Parenting Your Adult Children
Get guidance on getting along with your kids after they're grown up – from staying connected, offering advice and dealing with in-laws.
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Illustration by Sarah Kovelle
Annie Derbabian remembers the first day she felt grown up. She was 17 and had come home from vacation to find a car her parents bought her sitting in the driveway waiting for her. On the hood was a box containing the keys. There was, however, a catch.
“My mom cleverly put pieces of string on it, so the keys came with strings attached,” the 24-year-old Harrison Township resident says. Her mom told her that before she could drive the car, she’d have to find a job to pay for the insurance and gas.
“This was the first foray into adulthood,” she says. She’s grateful, she says, to her parents, though, for making her work hard for what she wanted. “That’s really when I started sort of doing things for myself,” she says. “They’ve instilled in me a sense of independence.”
As children grow older and mature into adults, parents find themselves having to make a transition from raising a dependent child to being a parent to an independent adult. As the years pass, children go from facing small-time challenges like, ‘What should I wear today?’ ‘How do I tie my shoes?’ and ‘Which instrument should I play in band?’ to huge choices that can affect the way the rest of their lives turn out: ‘Which job should I take?’ ‘Should I go back to school?’ or ‘Am I choosing the right person to spend the rest my life with?’
“It’s letting go,” says Michele Wloch, a Brownstown mother of three. “As they get older and they’re living at home, you have a little bit of letting go. When they first get their driver’s permit and they’re out driving around, there’s gradual letting go, but when they actually move out of the house, I think it’s complete letting go. Everything is theirs now, and you don’t play an active role, really, in that anymore.” When children are young, there’s lots of books telling us what to expect at different age milestones, “but when our children grow up, issues and problems arise that we never ever anticipated, never even thought of,” says Southfield psychologist Loretta Polish, who teaches a class on parenting adult children.
Parents will always be there for their children through thick and thin, but there’s a definite shift in parenting style as their children become adults.
Offering advice and guidance
Perhaps one of the hardest parts for the parents of adult children is to know when to share words of wisdom and when to keep quiet.
Jolene Philo was thrilled during the preparations for her daughter Anne’s wedding. Everything seemed to be going smoothly, except for Mother Nature. While Anne and her fiancé wanted to get married in the backyard of Anne’s family’s home, Philo and her husband wanted them to use a pavilion in a nearby park to avoid the oncoming rain.
“We were thinking, ‘It would really be nice if we had this at the pavilion,’” to avoid the hassle and worry of possibly having a rained-out wedding, she says, but ultimately, they let the bride and groom decide. While they ultimately chose to get married in the pavilion, Philo says the “change in leadership” was the right way to start things off. “If we had insisted on (the pavilion), there could have been some resentment there,” says the Iowa mom.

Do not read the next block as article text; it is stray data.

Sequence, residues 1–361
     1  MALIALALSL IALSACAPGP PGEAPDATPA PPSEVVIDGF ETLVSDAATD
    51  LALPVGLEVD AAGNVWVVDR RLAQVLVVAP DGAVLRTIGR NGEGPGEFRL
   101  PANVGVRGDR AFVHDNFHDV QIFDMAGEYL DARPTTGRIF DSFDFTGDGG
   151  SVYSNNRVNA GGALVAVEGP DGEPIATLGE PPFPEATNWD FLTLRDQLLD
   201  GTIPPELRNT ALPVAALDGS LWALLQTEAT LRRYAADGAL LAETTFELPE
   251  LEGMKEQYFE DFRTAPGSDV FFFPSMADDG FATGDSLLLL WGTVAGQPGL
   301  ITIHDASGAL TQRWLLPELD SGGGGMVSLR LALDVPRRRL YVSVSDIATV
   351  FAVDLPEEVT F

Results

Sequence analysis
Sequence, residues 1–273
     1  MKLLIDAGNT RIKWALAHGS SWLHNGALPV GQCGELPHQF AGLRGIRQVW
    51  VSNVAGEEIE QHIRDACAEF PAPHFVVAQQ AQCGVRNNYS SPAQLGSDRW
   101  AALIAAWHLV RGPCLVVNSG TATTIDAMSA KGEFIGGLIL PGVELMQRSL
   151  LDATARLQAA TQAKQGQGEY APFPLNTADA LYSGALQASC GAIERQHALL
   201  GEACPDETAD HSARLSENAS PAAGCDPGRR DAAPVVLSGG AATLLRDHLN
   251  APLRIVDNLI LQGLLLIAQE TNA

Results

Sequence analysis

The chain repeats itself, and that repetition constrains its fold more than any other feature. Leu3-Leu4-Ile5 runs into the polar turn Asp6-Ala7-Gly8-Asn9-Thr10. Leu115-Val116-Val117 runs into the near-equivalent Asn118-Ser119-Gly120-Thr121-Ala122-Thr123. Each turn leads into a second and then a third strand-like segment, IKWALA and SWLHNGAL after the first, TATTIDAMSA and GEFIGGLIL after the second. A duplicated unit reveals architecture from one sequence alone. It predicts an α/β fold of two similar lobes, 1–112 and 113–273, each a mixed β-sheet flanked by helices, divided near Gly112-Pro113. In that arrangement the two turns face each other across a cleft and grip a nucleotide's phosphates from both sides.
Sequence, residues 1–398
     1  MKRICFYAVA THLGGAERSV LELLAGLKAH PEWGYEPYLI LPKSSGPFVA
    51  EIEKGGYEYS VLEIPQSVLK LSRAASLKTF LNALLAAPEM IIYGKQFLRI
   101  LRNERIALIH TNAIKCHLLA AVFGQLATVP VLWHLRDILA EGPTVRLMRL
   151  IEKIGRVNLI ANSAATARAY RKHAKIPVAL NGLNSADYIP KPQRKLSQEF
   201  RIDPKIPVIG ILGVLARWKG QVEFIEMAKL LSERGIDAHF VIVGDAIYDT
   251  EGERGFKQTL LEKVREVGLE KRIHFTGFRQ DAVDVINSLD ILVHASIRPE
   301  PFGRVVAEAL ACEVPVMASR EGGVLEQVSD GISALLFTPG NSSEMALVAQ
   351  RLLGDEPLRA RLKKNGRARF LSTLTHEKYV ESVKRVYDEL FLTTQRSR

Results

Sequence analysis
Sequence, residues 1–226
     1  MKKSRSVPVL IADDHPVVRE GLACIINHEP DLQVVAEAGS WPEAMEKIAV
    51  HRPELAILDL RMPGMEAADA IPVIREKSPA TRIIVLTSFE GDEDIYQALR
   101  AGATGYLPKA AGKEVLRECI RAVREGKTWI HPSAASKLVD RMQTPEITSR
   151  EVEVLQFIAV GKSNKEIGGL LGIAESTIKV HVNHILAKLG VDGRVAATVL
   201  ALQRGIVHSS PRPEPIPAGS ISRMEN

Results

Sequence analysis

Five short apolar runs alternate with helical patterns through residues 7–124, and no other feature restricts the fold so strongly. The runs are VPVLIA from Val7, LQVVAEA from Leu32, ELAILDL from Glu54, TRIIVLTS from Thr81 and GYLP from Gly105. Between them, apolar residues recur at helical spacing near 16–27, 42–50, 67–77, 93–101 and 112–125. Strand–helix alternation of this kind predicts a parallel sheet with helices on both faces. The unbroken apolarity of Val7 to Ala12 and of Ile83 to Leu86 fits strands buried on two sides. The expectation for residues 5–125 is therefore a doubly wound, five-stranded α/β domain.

Today, Philo says, her children willingly come to ask for advice.
“They know we’re not going to make the decision for them,” she says. “If we think it’s a wrong decision to make, we’ll tell them that, but it’s their choice to make.”
For unsolicited advice, however, Polish says it’s best if parents keep mum.
“You swallow it, and you say nothing,” she says. Being on the receiving end of unwanted advice may cause resentment in the adult child, and it could ultimately hurt your relationship.
Of course, there are going to be times when parents and their grown-up children don’t see eye to eye on certain issues. When that happens, Polish says, it’s best to take a deep breath and walk away, taking time to consider a response before blurting out whatever comes to mind.
“We need to choose our words carefully and think in advance about the reaction our response might get,” she says. “This is not ‘You can have a cookie’ or ‘You can’t have a cookie.’ This is walking a very fine line and choosing your words carefully when inside of you, a voice is screaming, ‘What, are you kidding me? No way!’”
Still, parents agree that it can be hard to turn off the urge to tell children what’s best for them to do.
“It’s hard for a parent to shut it off. You don’t do it for 18 years … or 21 years (and say), ‘There you go, you’re on your own. I’m done,’” says Brenda Brissette-Mata, a mother of three adult sons.
Brissette-Mata says it’s nearly impossible for parents to coerce their adult children into doing something the parent thinks they should.
“It’s not like you can ground them, you know. You can’t take away their license, and they don’t even live here anymore.”
She says she sometimes uses guilt to urge her sons to do something like call their grandmother, but she realizes that her sons are independent beings.
“You have to learn how to parent in a different way,” she says. “They have to make their own choices, but there’s still things that you do to help them out.”
Wloch says resisting giving advice is “the toughest thing of all” because all parents want to help their children.
“I know a few times I’ve contributed advice when I shouldn’t have, too. It’s a continual battle, it really is,” she says.